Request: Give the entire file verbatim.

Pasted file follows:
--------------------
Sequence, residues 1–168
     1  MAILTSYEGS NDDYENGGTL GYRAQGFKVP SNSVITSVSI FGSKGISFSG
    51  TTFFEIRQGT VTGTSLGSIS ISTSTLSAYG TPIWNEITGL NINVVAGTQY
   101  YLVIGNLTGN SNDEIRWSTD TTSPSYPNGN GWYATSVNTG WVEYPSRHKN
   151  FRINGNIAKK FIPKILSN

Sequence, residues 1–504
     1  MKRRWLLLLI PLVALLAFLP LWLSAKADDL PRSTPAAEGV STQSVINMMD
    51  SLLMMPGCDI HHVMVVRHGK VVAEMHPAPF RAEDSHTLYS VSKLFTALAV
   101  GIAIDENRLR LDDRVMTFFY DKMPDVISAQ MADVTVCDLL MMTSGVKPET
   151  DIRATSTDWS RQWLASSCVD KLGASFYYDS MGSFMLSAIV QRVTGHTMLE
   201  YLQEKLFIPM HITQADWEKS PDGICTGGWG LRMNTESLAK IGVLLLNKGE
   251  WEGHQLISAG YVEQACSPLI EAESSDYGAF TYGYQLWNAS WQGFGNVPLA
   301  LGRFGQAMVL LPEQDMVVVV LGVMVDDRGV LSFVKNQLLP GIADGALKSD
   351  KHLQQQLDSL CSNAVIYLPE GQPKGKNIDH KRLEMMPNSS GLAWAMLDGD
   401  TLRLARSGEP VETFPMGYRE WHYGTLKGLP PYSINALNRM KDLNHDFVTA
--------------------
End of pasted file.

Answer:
Sequence, residues 1–168
     1  MAILTSYEGS NDDYENGGTL GYRAQGFKVP SNSVITSVSI FGSKGISFSG
    51  TTFFEIRQGT VTGTSLGSIS ISTSTLSAYG TPIWNEITGL NINVVAGTQY
   101  YLVIGNLTGN SNDEIRWSTD TTSPSYPNGN GWYATSVNTG WVEYPSRHKN
   151  FRINGNIAKK FIPKILSN

Sequence, residues 1–504
     1  MKRRWLLLLI PLVALLAFLP LWLSAKADDL PRSTPAAEGV STQSVINMMD
    51  SLLMMPGCDI HHVMVVRHGK VVAEMHPAPF RAEDSHTLYS VSKLFTALAV
   101  GIAIDENRLR LDDRVMTFFY DKMPDVISAQ MADVTVCDLL MMTSGVKPET
   151  DIRATSTDWS RQWLASSCVD KLGASFYYDS MGSFMLSAIV QRVTGHTMLE
   201  YLQEKLFIPM HITQADWEKS PDGICTGGWG LRMNTESLAK IGVLLLNKGE
   251  WEGHQLISAG YVEQACSPLI EAESSDYGAF TYGYQLWNAS WQGFGNVPLA
   301  LGRFGQAMVL LPEQDMVVVV LGVMVDDRGV LSFVKNQLLP GIADGALKSD
   351  KHLQQQLDSL CSNAVIYLPE GQPKGKNIDH KRLEMMPNSS GLAWAMLDGD
   401  TLRLARSGEP VETFPMGYRE WHYGTLKGLP PYSINALNRM KDLNHDFVTA